Today was great! I had a blast getting right back into training, but the birds were not quite as gung-ho as I was about it. Fair enough, since most of them have had big shifts since I last worked them regularly, and poor One-eye recently had an accident that involved him getting wedged in a wall. For these (and other) reasons, I took it slowly.
Awesome, but bored. Some very nice step-ups and hops to the glove, but it didn’t last long. She was not particularly interested in food. What I’d like to work on with her is a hand signal (a rotation of the index finger) to get her to turn around on the perch and face me. She already got the foundation of the behaviour today, but I think I’ll need her a bit more keen to make more progress. I gave her a few ‘toys’ as enrichment and underestimated her urge to destroy things– by the time I got back, I found a smug eagle sitting in a pile of stuffing and shredded leather. I’m glad she enjoyed it, but we need to find enrichment tools that last longer and make less of a mess! Decoy ducks apparently work well, so I may grab her a few.
Blinky and Kohl:
The troublesome twosome are doing very well! Both are being managed sans equipment (no anklets or jesses) at the moment. They’ve come a long way since I last wrote about them, and have ‘switched’ behaviours– a few months ago, Kohl was flighty, nervous, and slightly aggressive, while Blinky was fairly calm. Kohl is now sweet-tempered and calm, while Blinky is far more high strung and surprisingly aggressive towards the glove. I didn’t make much progress with Blinky today (dropped her food to see what it does to her behaviour overnight), but Kohl ate her food daintily from glove, stepped up, and let me walk her around (again, without equipment on). She also returned to her pen as nicely as could be. Looking forward to getting her flying this year!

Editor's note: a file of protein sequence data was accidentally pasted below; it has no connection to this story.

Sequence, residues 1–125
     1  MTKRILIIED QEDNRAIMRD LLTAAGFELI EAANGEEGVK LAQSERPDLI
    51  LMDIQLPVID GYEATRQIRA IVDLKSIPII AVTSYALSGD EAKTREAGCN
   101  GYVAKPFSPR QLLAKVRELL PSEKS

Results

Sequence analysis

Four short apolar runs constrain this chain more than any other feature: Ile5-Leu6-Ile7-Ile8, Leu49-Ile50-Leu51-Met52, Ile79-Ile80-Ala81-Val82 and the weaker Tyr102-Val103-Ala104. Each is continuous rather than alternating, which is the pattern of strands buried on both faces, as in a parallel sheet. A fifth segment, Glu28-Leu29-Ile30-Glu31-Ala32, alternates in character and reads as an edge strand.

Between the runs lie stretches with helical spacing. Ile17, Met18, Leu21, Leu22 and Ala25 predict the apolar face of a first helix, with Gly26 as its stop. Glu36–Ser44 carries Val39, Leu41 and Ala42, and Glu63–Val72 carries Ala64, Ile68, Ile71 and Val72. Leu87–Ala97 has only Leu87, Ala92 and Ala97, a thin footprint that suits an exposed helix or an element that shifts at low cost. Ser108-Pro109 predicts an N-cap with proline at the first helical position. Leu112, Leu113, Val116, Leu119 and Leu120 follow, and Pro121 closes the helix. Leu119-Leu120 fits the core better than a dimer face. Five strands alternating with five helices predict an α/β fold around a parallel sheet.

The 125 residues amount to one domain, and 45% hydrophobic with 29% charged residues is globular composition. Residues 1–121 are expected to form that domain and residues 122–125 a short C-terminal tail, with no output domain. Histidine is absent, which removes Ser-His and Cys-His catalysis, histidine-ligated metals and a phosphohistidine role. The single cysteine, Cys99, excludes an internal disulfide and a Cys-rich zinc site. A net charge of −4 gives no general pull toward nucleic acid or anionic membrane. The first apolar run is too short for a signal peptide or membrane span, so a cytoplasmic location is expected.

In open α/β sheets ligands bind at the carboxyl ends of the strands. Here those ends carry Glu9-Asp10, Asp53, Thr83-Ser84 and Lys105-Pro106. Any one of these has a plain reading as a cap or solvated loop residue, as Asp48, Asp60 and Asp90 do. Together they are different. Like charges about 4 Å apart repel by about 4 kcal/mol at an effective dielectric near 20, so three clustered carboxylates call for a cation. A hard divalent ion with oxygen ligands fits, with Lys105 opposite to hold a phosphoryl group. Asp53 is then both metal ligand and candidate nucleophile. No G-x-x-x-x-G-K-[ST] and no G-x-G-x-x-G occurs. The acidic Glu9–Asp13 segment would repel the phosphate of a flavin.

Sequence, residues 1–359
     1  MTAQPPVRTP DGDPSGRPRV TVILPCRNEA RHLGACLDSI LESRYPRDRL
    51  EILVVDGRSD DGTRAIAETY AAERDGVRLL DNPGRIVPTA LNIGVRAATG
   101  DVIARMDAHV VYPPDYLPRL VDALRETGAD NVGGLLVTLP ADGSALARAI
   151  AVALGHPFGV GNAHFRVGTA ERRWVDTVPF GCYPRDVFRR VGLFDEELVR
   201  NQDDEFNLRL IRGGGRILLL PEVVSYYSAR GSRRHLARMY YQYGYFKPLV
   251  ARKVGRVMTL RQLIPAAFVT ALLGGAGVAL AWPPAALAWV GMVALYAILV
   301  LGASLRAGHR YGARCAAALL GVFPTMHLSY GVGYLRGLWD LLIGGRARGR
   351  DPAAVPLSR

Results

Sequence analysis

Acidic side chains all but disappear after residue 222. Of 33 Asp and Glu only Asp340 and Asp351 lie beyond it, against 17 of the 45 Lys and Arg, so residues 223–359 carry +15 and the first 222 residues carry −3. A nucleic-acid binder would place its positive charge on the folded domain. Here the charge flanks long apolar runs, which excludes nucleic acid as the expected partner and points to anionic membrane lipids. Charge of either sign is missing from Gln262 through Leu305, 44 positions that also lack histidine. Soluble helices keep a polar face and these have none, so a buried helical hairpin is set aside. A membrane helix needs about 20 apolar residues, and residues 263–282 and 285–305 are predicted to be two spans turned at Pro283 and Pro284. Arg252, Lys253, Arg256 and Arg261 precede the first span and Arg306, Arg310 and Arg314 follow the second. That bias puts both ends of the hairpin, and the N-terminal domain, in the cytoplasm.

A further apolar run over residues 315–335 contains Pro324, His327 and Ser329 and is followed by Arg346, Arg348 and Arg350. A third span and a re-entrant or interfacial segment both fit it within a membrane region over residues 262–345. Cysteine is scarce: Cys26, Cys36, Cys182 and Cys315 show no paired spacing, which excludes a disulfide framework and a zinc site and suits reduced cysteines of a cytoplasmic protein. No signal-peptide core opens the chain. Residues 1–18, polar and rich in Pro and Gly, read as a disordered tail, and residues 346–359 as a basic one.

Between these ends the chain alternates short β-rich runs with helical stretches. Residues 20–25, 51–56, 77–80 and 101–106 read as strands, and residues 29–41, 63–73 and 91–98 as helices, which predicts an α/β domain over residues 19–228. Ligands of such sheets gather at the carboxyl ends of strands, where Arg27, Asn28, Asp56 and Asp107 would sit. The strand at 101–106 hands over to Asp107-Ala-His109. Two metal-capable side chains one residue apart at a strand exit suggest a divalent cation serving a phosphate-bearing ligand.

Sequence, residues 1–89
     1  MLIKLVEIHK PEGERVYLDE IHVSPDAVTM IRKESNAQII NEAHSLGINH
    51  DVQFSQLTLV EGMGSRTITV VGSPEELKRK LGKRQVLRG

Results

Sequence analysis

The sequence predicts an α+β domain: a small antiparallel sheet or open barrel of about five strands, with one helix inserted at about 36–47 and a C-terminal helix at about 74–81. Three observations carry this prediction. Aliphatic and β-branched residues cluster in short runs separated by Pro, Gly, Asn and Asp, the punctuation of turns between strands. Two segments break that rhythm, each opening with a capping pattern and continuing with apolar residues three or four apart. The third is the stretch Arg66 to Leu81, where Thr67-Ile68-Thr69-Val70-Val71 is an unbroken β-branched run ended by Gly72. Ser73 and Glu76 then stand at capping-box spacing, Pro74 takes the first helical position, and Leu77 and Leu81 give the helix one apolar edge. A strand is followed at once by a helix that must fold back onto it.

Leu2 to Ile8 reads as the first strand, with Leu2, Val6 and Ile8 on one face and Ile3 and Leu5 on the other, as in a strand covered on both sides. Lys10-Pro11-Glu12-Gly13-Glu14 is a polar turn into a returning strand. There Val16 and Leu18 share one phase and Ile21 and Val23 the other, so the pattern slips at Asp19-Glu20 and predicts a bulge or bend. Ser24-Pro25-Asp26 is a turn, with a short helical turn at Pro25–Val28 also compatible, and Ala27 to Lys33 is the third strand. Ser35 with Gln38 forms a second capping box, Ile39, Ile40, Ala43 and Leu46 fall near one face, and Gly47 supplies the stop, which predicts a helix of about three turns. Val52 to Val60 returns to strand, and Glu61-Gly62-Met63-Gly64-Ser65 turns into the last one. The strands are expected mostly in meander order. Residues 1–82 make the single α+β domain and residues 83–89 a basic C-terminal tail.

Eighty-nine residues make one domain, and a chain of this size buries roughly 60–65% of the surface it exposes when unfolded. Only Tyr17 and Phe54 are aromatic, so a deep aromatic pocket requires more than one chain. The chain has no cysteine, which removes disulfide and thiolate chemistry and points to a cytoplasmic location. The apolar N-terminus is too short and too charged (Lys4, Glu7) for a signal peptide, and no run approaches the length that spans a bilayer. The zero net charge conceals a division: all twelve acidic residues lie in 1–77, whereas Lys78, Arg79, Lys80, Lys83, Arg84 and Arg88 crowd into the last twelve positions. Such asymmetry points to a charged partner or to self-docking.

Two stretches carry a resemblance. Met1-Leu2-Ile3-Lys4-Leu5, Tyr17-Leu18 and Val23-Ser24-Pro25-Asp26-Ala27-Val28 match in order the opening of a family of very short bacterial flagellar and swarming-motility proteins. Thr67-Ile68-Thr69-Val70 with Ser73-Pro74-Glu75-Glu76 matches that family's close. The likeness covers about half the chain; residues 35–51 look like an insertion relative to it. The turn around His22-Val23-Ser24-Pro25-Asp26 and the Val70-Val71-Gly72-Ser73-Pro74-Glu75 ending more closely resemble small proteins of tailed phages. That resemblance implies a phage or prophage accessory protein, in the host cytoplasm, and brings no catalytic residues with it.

She hasn’t lost much since I’ve worked with her, and she was very well-behaved today, although she needs to be lured now on returning to the perch. That’s frustrating, as she did it automatically before. I also need to switch my focus from asking her to hop and move towards basic reinforcement on glove and good crating behaviour. Her vision is too far gone to ever fly in a show, but the more solid she is on glove, the more education programs she’ll be able to take part in. I love this bird.
I have to admit I’m quite depressed about how One-eye’s behaviours have broken down during our training gap. That said, I have a sneaking suspicion it isn’t due to lack of time spent– I think he may be masking an illness. There’s a pulse to his sinuses that he didn’t have before, and a very subtle click from his nares that could be usual moisture or something more dangerous. While he’s bright, alert, of normal weight, has good mutes, and in general seems perfectly healthy, there’s something about him that seems ‘off’, and I’m uncomfortable with his reduced interest in food, even though he’s at working weight.
To be fair, it may be residual stress from his accident last week, but I doubt if he even remembers it. A trip to the vet may be in order in the next few days just to be sure. All we did today were some step-ups and short flights, but he was distracted and reluctant, and ended the session ahead of schedule by refusing food. That alone tells me there’s probably something wrong… who ever heard of a RTHA being full? They’re the labrador retrievers of the bird world (ie, bottomless pits).
Wish him luck at the vet!